(Image: flickr user Rex Roof (cc:by-nd))

The following is not a full transcript; for full story, listen to audio.

Lard was once the most common fat for baking, but came to be seen as dirty and unhealthful. Now, food scientists have shown that home-rendered lard isn't as bad for your health as, say, margarine. And it tastes wonderful.

On "The Takeaway," Todd Zwillich and Andrea Bernstein talked to food writer Regina Schrambling and chef Zarela Martinez, a self-proclaimed lard crusader, about the benefits of lard.

Martinez has been preaching the gospel of lard for over fifteen years and is glad that people are finally listening. She says lard gained a bad reputation when it became commercially produced: "Lard originally was home-rendered and soft, when you turn something hard you saturate the molecules and that was when it became really bad. But home-rendered lard is two-thirds unsaturated, plus it has oleic acid which is the exact same thing olive oil has that helps you break down cholesterol. So it's only when it became commercially produced that it became a bad thing for you."

Schrambling says the negative image of lard is wrong, and that it's the transfat products like margarine that's bad for us: "It's not bad for you, number one, and it's natural -- that's the thing ... we've been sold the synthetic all these years and we've swallowed that, that it's good for you, it's not good for you."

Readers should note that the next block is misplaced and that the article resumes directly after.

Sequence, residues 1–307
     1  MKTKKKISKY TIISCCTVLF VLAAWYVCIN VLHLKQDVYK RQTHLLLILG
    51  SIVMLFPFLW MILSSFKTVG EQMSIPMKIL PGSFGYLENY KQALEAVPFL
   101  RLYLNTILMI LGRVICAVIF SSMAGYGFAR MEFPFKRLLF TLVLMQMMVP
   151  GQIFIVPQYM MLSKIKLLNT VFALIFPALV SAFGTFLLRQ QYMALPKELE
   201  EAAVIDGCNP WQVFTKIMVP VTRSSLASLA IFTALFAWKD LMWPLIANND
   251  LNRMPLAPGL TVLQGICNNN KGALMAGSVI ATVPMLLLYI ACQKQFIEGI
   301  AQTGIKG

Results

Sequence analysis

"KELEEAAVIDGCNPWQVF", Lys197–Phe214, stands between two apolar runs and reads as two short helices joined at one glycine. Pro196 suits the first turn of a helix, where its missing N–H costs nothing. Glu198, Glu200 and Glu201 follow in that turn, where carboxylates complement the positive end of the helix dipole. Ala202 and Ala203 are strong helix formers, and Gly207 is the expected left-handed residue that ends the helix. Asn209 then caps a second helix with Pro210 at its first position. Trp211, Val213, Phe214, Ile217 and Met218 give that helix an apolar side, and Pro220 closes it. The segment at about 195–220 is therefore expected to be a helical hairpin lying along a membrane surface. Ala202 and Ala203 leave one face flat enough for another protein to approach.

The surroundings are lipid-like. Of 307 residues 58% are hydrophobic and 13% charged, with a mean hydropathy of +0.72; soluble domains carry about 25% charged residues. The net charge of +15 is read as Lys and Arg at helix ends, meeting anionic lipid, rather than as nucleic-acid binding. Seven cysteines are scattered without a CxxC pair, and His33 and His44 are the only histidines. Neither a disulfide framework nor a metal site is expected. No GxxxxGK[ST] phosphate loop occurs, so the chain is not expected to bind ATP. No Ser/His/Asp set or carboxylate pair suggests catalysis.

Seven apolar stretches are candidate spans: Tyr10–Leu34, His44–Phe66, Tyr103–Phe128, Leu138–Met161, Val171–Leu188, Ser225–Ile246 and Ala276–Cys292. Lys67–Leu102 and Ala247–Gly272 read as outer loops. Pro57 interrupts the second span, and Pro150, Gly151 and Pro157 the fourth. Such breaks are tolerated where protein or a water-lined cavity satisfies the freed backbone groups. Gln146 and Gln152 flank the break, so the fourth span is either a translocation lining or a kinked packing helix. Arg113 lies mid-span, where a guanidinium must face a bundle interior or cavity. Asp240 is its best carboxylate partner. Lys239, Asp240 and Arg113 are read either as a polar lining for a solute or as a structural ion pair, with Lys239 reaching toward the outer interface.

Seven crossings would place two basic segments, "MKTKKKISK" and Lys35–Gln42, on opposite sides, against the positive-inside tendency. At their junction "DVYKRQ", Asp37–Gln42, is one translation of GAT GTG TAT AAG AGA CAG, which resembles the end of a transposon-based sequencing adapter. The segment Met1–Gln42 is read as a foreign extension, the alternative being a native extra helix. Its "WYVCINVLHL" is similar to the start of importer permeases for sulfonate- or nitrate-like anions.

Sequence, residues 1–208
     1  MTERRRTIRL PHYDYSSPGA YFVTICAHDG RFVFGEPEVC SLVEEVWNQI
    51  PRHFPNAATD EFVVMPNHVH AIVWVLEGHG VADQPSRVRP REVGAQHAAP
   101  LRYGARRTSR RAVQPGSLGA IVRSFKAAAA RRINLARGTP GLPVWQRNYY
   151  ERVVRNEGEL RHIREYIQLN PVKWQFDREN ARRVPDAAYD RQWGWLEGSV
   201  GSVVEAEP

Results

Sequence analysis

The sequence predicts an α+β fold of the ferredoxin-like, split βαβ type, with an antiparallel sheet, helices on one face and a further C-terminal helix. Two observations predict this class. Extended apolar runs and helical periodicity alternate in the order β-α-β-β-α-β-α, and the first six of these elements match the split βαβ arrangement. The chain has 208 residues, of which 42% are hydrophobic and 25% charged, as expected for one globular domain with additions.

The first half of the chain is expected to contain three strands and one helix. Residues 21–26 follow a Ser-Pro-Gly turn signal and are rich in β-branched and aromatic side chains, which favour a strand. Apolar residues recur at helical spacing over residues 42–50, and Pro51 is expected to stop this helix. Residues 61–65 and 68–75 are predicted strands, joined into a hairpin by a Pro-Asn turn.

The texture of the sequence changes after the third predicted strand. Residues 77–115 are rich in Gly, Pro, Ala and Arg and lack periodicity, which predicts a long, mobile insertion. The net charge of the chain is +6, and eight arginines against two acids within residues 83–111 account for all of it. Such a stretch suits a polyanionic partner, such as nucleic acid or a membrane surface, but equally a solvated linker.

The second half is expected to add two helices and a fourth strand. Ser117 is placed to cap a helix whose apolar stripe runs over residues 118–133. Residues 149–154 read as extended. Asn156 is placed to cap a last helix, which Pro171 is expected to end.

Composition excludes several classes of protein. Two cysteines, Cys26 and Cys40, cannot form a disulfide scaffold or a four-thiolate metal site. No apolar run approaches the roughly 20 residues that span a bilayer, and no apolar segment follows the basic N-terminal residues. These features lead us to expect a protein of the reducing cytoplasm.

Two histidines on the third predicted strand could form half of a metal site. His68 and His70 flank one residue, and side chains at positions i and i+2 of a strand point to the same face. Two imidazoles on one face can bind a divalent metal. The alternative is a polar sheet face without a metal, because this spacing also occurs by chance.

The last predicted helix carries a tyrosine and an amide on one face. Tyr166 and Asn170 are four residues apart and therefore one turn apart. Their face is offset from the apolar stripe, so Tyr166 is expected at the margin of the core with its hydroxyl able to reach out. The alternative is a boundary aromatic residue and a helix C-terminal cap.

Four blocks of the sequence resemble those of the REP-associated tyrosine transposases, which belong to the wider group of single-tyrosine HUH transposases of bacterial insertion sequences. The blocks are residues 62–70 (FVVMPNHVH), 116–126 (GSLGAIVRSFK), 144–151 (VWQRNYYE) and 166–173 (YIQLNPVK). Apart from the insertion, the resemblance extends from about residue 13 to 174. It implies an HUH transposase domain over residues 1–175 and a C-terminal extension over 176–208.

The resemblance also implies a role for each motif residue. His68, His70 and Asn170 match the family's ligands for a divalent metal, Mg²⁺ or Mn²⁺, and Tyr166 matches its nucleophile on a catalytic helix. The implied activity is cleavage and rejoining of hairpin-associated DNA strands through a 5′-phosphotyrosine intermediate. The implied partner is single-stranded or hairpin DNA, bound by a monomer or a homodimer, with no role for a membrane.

Martinez explains what it is about the chemistry of lard that makes it great for baking: "It has bigger crystals than oil, so if you're using it in baking for instance ... when you beat it, beat it and beat it, it becomes this fluffy, wonderful mass ... and when you bake them, all of the lard seeps out and you're left with this fluffy, wonderful thing."

She walks through the steps of home-rendering lard: "All you have to do is just get unsalted pork fat of good quality ... and then you just cut it in little pieces, freeze it a little while, and cook it very slowly on the stove for about an hour."

Schrambling says high-quality lard can be purchased: "You can buy it, like at a farmers market -- Flying Pigs makes an amazing lard ... Flying Pigs Farm -- it's excellent. It's six dollars for eight ounces."

Watch video of chef Zarela Martinez making home-rendered lard:


"The Takeaway" is a national morning news program, delivering the news and analysis you need to catch up, start your day, and prepare for what’s ahead. The show is a co-production of WNYC and PRI, in editorial collaboration with the BBC, The New York Times Radio, and WGBH.

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